Although Tony seems to equate disagreeing with despise, I DO despise any ‘doctrine’ that adds to the not only Paul’s clear explanation of the gospel in 1 Cor 15, but also it’s simplicity  (2 Cor 11:3). I also despise strawmen that are erected to mischaracterize the beliefs of many born again soul winners. If this is what Miano preaches on the streets to lost sinners, then it is a false gospel, or at least displays a gross inconsistency on what is required to be saved, and what is expected to be secure.

Risen    I want to examine the often cited proof text that Calvinism and Reformed Theology use as evidence that the spiritually dead can not resist the call of God in the story of Lazarus on John chapter 11. I want to begin by examining the argument of popular apologist and Calvinist author, James White.

James White, in a short video here, makes an extravagant emotional appeal that if Lazarus is not raised from the dead, and Jesus fails, then “scratch Christianity”. He further states, “Jesus did not whisper, but yelled loudly so that there would be no question about who was calling Lazarus”. White claims that this event is a fulfillment of John chapter 5, where Jesus said that the day would come where the dead would hear the voice of God and be raised from the dead.  “Lazarus did not choose to become undead” says White. White contends that since Lazarus could not have said no to be resurrected from physical death, that this is a legitimate proof text to show that the Christian can not say no to God’s voice while spiritually dead.

Calvinist Charles Spurgeon writes about Lazarus,

The helpless paralytic cannot begin his own restoration. Enmity against God cannot choose love for him. The dead corpse of Lazarus could have no agency in recalling the vital spirit into itself. After Christ’s almighty power restored it, the living man could respond to the Savior’s command and rise and come forth.

Likewise, Arthur Pink says,

 “The hour is coming, and now is, when the dead shall hear the voice of the Son of God: and they that hear shall live.” Lazarus in the grave, raised to life by the word of Christ, gives us a perfect illustration of God’s mighty work of grace in the hearts of His elect.”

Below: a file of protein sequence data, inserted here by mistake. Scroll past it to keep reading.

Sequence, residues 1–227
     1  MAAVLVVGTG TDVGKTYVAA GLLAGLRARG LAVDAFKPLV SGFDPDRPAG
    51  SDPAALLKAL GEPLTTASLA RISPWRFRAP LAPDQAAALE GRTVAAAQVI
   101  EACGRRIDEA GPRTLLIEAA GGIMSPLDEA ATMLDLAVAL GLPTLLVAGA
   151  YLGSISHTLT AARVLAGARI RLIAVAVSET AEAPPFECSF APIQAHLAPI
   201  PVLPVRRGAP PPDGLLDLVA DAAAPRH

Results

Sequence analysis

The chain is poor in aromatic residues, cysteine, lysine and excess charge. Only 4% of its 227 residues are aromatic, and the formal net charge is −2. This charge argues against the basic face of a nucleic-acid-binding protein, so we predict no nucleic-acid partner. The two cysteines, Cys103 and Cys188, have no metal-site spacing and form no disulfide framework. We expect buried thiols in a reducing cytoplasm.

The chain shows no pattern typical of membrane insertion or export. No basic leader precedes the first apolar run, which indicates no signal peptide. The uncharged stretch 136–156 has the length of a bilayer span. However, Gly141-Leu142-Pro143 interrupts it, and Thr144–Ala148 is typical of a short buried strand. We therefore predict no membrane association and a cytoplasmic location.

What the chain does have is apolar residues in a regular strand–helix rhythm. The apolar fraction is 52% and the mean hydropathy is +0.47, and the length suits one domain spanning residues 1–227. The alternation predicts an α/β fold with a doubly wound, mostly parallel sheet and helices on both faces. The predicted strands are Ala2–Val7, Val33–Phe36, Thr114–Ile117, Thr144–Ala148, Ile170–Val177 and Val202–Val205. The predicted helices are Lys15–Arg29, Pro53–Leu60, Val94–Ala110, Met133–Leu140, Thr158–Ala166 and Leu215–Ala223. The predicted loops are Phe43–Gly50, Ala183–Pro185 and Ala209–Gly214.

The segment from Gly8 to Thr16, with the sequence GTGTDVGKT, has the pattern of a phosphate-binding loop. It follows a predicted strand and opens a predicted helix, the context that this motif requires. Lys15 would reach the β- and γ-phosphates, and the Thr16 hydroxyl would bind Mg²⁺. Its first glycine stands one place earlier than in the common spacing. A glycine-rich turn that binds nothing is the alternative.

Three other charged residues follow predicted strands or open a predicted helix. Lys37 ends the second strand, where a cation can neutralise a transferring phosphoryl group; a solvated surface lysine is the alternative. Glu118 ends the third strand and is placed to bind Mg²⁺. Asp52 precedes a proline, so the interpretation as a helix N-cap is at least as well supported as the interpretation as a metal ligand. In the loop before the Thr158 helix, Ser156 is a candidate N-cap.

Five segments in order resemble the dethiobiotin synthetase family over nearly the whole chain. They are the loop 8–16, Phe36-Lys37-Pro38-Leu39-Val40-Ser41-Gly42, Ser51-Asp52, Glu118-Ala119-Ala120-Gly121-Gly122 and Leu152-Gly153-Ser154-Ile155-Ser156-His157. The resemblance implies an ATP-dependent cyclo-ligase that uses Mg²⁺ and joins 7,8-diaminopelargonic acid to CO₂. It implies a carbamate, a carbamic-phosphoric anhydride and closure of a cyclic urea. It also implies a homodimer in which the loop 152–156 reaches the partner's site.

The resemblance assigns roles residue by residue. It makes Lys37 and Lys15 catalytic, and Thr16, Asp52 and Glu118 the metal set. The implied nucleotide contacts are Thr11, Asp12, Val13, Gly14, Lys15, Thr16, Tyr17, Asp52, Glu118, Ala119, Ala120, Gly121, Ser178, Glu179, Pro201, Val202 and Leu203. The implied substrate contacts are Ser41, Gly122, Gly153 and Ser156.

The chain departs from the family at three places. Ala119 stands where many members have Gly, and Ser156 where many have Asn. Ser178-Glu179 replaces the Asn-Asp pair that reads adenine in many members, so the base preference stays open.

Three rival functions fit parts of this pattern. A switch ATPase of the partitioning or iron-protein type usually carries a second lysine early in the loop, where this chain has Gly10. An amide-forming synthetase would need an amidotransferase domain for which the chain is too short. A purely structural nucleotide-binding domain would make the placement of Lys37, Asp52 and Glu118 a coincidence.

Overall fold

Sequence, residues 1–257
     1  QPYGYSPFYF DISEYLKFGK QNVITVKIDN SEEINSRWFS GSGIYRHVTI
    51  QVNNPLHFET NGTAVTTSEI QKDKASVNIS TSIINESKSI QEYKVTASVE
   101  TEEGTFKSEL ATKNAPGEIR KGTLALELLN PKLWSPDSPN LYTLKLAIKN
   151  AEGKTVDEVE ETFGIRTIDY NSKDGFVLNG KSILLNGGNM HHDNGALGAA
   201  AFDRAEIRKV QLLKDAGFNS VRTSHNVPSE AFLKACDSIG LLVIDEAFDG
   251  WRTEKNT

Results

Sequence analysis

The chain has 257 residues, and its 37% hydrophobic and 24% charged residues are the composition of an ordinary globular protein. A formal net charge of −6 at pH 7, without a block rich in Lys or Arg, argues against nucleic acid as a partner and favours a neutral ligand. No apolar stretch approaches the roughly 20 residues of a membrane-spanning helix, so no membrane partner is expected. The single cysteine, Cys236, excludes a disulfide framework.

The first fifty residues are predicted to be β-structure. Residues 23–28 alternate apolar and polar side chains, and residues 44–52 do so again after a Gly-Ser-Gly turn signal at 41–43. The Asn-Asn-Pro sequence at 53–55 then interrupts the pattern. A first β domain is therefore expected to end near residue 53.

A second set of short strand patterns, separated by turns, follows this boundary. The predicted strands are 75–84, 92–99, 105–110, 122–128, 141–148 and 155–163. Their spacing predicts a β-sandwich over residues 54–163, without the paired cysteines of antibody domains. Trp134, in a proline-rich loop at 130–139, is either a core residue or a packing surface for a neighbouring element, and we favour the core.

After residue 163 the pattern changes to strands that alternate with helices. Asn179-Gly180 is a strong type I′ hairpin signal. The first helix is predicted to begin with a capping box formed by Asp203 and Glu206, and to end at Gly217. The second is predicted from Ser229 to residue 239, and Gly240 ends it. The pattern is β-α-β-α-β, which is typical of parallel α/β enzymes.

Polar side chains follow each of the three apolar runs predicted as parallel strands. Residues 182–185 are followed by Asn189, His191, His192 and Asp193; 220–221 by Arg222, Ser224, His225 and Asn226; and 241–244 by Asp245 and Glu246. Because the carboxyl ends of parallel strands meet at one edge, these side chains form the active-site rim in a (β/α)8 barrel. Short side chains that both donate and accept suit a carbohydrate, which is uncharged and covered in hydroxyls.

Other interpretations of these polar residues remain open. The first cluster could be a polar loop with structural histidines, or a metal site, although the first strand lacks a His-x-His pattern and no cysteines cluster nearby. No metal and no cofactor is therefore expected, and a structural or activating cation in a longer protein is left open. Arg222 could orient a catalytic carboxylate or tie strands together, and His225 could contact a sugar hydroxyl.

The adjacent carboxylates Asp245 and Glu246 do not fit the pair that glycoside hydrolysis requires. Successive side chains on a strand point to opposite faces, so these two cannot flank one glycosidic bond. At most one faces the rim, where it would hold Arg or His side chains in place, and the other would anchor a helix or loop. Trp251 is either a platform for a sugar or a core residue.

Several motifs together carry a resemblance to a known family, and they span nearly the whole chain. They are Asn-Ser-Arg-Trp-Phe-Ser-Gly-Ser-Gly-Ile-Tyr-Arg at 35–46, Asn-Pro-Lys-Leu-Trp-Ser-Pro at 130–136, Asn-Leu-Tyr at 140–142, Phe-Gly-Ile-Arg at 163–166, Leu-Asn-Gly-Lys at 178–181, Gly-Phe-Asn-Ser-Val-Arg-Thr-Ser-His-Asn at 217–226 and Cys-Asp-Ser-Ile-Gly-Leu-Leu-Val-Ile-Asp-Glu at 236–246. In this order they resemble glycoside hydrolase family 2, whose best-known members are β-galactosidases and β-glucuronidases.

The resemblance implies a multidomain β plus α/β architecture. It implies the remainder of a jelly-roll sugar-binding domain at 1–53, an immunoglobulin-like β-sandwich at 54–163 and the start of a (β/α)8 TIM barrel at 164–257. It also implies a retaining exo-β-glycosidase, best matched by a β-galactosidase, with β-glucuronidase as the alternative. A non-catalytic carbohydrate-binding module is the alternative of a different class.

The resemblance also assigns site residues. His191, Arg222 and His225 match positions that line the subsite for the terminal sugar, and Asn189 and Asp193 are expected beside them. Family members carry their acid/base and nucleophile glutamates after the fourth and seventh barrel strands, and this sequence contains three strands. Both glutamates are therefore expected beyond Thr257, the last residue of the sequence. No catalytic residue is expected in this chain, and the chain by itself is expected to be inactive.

Calvinist apologist, Loraine Boettner opines that,

Fallen man is as dead spiritually as Lazarus was dead physically until Jesus cried with a loud voice, “Lazarus, come forth!” He is as dead spiritually as the Pharisee Nicodemus, to whom Jesus said, “Except a man be born again, he cannot see the kingdom of God” (Jn. 3:3). Christ said to the Pharisees, “Why do ye not understand my speech? even because ye cannot hear my word” (Jn. 8:43). Apart from divine assistance, no one can hear the invitation or put forth the will to come to Christ.

A popular Southern Baptist website sums up the Calvinist interpretation of the story of Lazarus as follows,

The example of Jesus calling Lazarus from the grave is a common popular illustration that calvinists [sic] use to illustrate the phenomenon they call regeneration prior to repentance and saving faith. Calvinism teaches that God effectually calls the lost man with a dead heart and deaf ears to life so that he can THEN repent and believe and be saved. Calvinists use Jesus’ command outside Lazarus’ tomb to illustrate the power of the effectual call in regeneration; “Lazarus come forth” and he came to life. When God calls the elect to life, they like Lazarus have new life and are born again and begin to live as a child of God.